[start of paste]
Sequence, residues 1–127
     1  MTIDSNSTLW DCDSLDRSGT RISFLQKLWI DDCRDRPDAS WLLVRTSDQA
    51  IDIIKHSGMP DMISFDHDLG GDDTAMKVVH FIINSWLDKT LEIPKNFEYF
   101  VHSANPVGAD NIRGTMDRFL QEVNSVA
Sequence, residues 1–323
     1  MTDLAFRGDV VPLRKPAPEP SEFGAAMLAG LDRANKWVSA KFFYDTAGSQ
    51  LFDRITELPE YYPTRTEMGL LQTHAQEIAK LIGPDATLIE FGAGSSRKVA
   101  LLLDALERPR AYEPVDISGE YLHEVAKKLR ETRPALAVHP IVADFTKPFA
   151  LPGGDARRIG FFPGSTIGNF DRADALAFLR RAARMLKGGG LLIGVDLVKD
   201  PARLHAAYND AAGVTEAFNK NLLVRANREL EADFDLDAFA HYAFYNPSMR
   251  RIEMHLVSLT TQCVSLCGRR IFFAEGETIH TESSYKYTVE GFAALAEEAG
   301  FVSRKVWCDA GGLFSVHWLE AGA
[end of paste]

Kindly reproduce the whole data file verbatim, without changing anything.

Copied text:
Sequence, residues 1–127
     1  MTIDSNSTLW DCDSLDRSGT RISFLQKLWI DDCRDRPDAS WLLVRTSDQA
    51  IDIIKHSGMP DMISFDHDLG GDDTAMKVVH FIINSWLDKT LEIPKNFEYF
   101  VHSANPVGAD NIRGTMDRFL QEVNSVA
Sequence, residues 1–323
     1  MTDLAFRGDV VPLRKPAPEP SEFGAAMLAG LDRANKWVSA KFFYDTAGSQ
    51  LFDRITELPE YYPTRTEMGL LQTHAQEIAK LIGPDATLIE FGAGSSRKVA
   101  LLLDALERPR AYEPVDISGE YLHEVAKKLR ETRPALAVHP IVADFTKPFA
   151  LPGGDARRIG FFPGSTIGNF DRADALAFLR RAARMLKGGG LLIGVDLVKD
   201  PARLHAAYND AAGVTEAFNK NLLVRANREL EADFDLDAFA HYAFYNPSMR
   251  RIEMHLVSLT TQCVSLCGRR IFFAEGETIH TESSYKYTVE GFAALAEEAG
   301  FVSRKVWCDA GGLFSVHWLE AGA